In my system, I am using I2C and I realize under heavy interrupt load (from other sources), I2C communication is easily disrupted. Is this expected behavior for I2C? I would have expected despite interrupt load, it would still be ok since I2C is not exactly a time critical interface, clock is provided with data.
The processor is STM32. The interrupts are due to ADC, I cannot disable interrupts during the read events therefore I must find a solution where I can make the i2c communication more stable. The STM32 is master and the slave is another device (accelerometer).
When I connect a logic analyzer to the clock with a small flying cable, the problem disappears. Interestingly, there is no interrupt load, read write works well, when there is interrupt load, they don't. However, if I attach the probe to the clock, read write works under interrupt load as well. I think, there is a capacitance issue somewhere.
This is a software issue, you are spending too much time servicing interrupts & your I2C routine is not able to handle it (so that's two things which are not right). I have been through several similar situations.
First: You need to do as little as possible in the interrupts, only read & store the data, don't do any processing that you could do outside the ISR, maths can take a LOT of CPU cycles and the CPU cannot do anything else while in that interrupt.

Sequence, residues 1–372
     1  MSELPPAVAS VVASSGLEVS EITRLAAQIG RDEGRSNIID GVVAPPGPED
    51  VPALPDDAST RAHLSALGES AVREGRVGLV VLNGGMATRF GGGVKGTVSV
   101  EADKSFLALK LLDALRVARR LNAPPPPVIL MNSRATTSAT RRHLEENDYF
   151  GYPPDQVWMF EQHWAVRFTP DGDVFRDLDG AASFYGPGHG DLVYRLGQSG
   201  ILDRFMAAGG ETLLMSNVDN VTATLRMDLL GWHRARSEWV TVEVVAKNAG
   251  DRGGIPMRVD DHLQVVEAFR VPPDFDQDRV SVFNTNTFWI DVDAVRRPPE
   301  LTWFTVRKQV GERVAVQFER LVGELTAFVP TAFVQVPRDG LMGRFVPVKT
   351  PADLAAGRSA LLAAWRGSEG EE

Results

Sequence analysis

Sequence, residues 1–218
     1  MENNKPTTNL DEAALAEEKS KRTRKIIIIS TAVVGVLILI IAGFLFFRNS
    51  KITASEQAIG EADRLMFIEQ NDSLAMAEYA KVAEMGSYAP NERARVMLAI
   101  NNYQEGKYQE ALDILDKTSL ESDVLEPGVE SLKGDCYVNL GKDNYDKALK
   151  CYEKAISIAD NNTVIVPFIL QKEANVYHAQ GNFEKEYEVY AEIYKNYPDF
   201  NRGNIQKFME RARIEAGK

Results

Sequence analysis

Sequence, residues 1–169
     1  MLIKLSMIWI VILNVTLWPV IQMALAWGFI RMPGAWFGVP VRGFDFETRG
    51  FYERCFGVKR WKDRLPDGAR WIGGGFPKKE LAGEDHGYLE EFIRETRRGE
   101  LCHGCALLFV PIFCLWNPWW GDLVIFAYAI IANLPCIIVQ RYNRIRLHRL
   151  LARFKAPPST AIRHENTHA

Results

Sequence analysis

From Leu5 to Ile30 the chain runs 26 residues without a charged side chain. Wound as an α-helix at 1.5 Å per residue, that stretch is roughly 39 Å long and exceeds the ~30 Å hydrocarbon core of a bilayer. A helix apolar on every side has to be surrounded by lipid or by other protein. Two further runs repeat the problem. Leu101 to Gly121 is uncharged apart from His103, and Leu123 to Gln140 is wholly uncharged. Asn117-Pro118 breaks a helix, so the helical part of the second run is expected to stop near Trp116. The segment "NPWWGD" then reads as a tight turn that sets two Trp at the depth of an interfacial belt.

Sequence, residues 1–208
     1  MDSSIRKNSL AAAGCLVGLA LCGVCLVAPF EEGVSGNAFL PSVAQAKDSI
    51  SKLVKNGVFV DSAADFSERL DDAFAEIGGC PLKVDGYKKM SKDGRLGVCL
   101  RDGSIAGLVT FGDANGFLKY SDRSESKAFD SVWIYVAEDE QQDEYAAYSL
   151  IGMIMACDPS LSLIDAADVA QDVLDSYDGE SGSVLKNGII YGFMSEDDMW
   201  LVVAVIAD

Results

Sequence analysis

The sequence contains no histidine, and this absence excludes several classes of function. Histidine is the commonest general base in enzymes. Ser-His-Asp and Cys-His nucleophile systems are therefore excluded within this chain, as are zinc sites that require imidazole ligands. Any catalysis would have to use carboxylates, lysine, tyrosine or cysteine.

Second: Investigate DMA to automate things, so your interrupts become almost a background automated process.
Third: If I2C is important, put THAT in an interrupt too, but make sure you work out the priorities!
Fourth: Work out why your I2C routine is failing, I2C itself can stand up to very intermittent timings, pauses & waits etc. so your routine may need modifying to allow this.
Fifth: See if you can "chain" interrupts, you may find you can service the ADC reads more efficiently, or put the ADC in a different mode where it does more work for you before interrupting (EG wait for all readings to be available, then read all in one hit, rather than 8 separate interrupts for 8 separate ADC channel reads).
Sixth: Use an oscilloscope or logic analyser, and spare IO pins on the board, to trace how much time you're spending in each bit of code, to see if you can speed it up. (Set pin high when you enter a function/ISR, set it low again on exit).
Seventh: Decide if you really need to read the ADC so much, will going slower make things worse? It's counter-intuitive but sometimes running slower actually gives nicer results, doing the work of averaging the signal for you and cutting down on spikes/transients which could cause problems or require extra processing to remove. We improved a motor control PID routine by simply running it 1/4 the speed, freeing up a load of CPU time in the process.